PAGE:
WALK past the Playhouse this week and you’d be forgiven for thinking you had accidently wandered into New York’s upper west side.
The iconic venue has had been given a make-over to celebrate the arrival of the smash hit musical West Side Story.
Inspired by Shakespeare’s Romeo and Juliet, West Side Story is set in mid-50s New York and tells of the rivalry between two ethnic street gangs, the Polish-American Jets and the Puerto Rican Sharks.
When Jet Tony falls in love with Maria, the sister of Bernardo, the leader of the Sharks it can only spell trouble, with tragic consequences.
However, it’s not just the Playhouse that has had a make-over. I’d Do Anything hopeful Katie Hall, too, has been transformed to allow her to play Maria.
“I couldn’t believe it when they cast me because I am a white, blonde girl. The furthest thing you could possibly be away from being Puerto Rican,” she says. “My initial reaction was, ‘Really? How?’
“So, now, I have a wig and I have to have a weekly spray-tan.”
Once bewigged and with tan in place, seeing Maria come alive in her dressing room mirror was a “big thing”, admits Hall.
“In rehearsal, everybody just looks like themselves. The first time you put on the costumes, the wig, and the make-up is really like putting on the final layer, adding the final piece of the puzzle to find the character.”
Hall, who has toured to the Capital twice before, first as Cosette in Les Miserables, then as Christine in Phantom Of The Opera, believes that Maria is her most challenging role to date.
“I have never done a show that has left me so emotionally ravaged as I am by West Side Story,” she says.
“There is just something about it that is so raw. I cry every single day. The emotional journey this show takes you on... I have never experienced anything like it.”
With a libretto by Arthur Laurents, music by Leonard Bernstein and lyrics by Stephen Sondheim, West Side Story premiered on Broadway in 1957 and was adapted for the screen in 1961.
Songs like Maria, America and Somewhere, quickly made it a hit, and there have been many productions over the years.
Where this one differs is in the age of the cast. Producer Howard Panter of the Ambassadors Theatre Group, once told me it was his vision that the actors should be as near to the age of the teenage gang members they play as possible - in previous productions, 30-somethings would usually be found trying to recapture their youth.
It’s an approach Hall believes adds energy to the show.
“It’s brilliant. We are six months in now and I am really enjoying it. We have 19-year-olds who are not far off the age the kids would have been - for many it’s their first job out of college - so there is an awful lot of energy.”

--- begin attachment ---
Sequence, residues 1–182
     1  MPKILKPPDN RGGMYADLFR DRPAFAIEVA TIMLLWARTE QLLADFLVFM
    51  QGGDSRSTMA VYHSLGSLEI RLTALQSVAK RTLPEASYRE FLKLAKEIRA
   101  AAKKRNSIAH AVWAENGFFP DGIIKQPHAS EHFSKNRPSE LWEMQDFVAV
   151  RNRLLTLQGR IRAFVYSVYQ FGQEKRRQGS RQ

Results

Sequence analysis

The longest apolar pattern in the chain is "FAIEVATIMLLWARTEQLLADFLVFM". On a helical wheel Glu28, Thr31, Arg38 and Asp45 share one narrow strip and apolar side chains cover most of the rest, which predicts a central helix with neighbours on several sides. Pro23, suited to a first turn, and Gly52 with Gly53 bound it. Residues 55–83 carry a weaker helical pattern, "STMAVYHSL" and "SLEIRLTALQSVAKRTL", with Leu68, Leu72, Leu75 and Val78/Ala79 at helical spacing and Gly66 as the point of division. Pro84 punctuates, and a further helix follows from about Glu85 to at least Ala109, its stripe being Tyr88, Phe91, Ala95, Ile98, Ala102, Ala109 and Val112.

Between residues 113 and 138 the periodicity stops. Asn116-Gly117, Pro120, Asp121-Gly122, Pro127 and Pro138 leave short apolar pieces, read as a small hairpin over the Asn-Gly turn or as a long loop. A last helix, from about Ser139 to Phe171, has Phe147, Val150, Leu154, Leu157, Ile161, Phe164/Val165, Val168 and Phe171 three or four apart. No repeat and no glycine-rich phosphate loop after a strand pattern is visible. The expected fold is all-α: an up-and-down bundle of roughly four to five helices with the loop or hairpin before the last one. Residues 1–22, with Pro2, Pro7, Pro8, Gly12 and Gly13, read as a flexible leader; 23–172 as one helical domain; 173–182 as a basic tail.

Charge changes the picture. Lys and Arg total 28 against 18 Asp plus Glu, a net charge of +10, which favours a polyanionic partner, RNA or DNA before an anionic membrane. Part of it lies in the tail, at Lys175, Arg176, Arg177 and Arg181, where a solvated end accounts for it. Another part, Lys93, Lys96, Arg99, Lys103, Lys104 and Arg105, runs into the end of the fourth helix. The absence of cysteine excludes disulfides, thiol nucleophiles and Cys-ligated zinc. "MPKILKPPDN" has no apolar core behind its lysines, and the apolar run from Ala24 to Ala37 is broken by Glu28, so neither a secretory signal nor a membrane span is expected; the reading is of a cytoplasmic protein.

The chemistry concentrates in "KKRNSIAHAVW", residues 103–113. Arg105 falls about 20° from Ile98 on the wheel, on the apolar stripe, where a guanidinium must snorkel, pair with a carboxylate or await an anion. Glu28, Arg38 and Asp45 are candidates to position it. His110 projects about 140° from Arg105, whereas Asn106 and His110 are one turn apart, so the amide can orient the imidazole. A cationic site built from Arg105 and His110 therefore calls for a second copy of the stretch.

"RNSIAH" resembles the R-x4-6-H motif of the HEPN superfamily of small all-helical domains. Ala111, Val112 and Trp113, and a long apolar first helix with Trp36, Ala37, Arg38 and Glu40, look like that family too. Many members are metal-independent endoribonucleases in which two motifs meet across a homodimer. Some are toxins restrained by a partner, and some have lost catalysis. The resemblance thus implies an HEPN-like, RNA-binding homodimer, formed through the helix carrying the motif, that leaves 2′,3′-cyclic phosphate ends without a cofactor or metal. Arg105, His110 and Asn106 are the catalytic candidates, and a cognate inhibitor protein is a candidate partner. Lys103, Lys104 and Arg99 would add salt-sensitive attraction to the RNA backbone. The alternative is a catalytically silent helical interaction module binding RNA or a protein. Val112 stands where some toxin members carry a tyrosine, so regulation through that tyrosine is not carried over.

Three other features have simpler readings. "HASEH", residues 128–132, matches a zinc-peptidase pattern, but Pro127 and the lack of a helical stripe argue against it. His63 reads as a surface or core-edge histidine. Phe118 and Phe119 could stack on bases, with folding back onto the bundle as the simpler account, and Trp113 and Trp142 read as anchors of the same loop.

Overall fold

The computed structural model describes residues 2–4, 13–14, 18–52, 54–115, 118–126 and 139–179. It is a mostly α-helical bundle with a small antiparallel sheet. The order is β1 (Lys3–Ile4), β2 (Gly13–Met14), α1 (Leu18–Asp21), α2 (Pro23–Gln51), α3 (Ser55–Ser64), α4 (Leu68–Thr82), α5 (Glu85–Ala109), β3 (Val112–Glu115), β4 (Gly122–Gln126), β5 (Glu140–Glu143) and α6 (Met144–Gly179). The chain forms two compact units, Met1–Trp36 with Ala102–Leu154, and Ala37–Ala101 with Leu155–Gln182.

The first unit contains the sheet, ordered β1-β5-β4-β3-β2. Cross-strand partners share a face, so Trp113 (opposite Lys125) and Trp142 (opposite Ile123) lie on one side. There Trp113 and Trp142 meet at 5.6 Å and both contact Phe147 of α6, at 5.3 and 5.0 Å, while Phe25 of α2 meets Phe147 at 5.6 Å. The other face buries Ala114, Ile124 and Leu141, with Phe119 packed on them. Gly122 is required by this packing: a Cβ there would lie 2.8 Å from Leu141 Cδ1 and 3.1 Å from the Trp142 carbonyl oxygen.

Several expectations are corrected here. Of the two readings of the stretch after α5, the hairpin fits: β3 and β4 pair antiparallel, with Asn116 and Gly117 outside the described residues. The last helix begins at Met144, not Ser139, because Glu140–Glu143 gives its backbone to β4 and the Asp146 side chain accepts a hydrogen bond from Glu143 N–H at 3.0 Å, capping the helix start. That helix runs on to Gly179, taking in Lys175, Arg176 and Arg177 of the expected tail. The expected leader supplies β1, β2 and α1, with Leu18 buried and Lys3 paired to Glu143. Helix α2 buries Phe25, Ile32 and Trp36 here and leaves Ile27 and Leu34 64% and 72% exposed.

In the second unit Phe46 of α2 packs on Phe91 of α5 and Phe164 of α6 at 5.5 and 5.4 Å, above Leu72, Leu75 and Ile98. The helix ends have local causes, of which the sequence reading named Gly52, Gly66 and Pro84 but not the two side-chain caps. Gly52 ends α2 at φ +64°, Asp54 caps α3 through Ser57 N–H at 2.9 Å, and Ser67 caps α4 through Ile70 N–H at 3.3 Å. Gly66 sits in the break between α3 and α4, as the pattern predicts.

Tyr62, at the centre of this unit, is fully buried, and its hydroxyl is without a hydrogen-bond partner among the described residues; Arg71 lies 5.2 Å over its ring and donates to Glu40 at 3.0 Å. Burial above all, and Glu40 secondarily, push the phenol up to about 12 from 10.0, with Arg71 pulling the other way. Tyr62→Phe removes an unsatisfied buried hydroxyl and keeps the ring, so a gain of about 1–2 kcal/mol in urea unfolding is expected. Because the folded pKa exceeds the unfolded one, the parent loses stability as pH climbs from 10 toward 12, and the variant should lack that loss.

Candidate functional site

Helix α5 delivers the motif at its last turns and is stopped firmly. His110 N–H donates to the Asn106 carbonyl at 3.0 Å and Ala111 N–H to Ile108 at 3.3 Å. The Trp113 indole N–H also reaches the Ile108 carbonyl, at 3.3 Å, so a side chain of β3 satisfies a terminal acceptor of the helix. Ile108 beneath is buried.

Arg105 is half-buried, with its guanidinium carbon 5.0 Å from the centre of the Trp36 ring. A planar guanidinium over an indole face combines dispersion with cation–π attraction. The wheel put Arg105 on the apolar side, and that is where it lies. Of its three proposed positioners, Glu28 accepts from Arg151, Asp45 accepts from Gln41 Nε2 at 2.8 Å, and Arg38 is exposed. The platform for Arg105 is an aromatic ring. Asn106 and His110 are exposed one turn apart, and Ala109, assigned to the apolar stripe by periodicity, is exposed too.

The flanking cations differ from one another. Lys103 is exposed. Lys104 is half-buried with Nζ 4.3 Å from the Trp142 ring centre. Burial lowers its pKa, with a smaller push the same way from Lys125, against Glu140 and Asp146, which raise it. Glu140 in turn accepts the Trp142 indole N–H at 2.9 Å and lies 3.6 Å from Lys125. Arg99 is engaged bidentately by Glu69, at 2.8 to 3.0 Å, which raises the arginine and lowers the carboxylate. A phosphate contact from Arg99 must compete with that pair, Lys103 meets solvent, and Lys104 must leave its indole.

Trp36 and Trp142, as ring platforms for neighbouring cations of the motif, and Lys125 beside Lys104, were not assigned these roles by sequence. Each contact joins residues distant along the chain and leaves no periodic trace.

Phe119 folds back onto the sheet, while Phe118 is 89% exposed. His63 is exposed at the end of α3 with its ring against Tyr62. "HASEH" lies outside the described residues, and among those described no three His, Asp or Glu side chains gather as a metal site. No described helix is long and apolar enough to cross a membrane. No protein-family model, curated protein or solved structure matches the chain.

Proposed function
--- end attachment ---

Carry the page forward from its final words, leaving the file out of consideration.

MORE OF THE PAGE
Hall, herself 23, deliberately avoided watching the famous movie version before playing the role, she says. “It’s very important that you come in and don’t copy, even unintentionally, what has gone before. With the director I had to find a way to make it truthful to me.”
The actress has certainly come a long way since vying to be Nancy in Oliver! by taking part in the BBC talent search I’d Do Anything.
“Oh god,” she exclaims. “I was 17, it was a really long time ago and I genuinely feel like I was a different person back then. It’s all gone rather quickly.”
Knowing what she now knows, however, Hall insists that given her time over, she would happily follow the same path.
“Definitely. I wouldn’t be here now without that programme. I just got very lucky. I was in the right place at the right time. The right people saw me and I would definitely do it all over again.”
Not that there was ever any doubt in Hall’s mind that she would have a career in musical theatre. Even as a child there was only ever one option.
“I was at home, at my parents house, the other weekend, going through a file that they have on me. In it was an old school report from one of my teachers. It is absolutely hilarious.
“It says things like: ‘You were absolutely adamant that you were going to have a career on the stage. There was no point in considering any other career path for you because that was what you were going to do’.
“My teacher sounds quite cross in the report. I remember the meeting. She kept asking what else I’d like to do and there was nothing. I was going to be Christine in the Phantom Of The Opera - that’s what I used to say.
“I think I was probably quite insufferable about it all,” she laughs.
West Side Story, Playhouse, Greenside place, until 29 March, 7.30pm (matinees 2.30pm), £15-£45, 0844-871 3014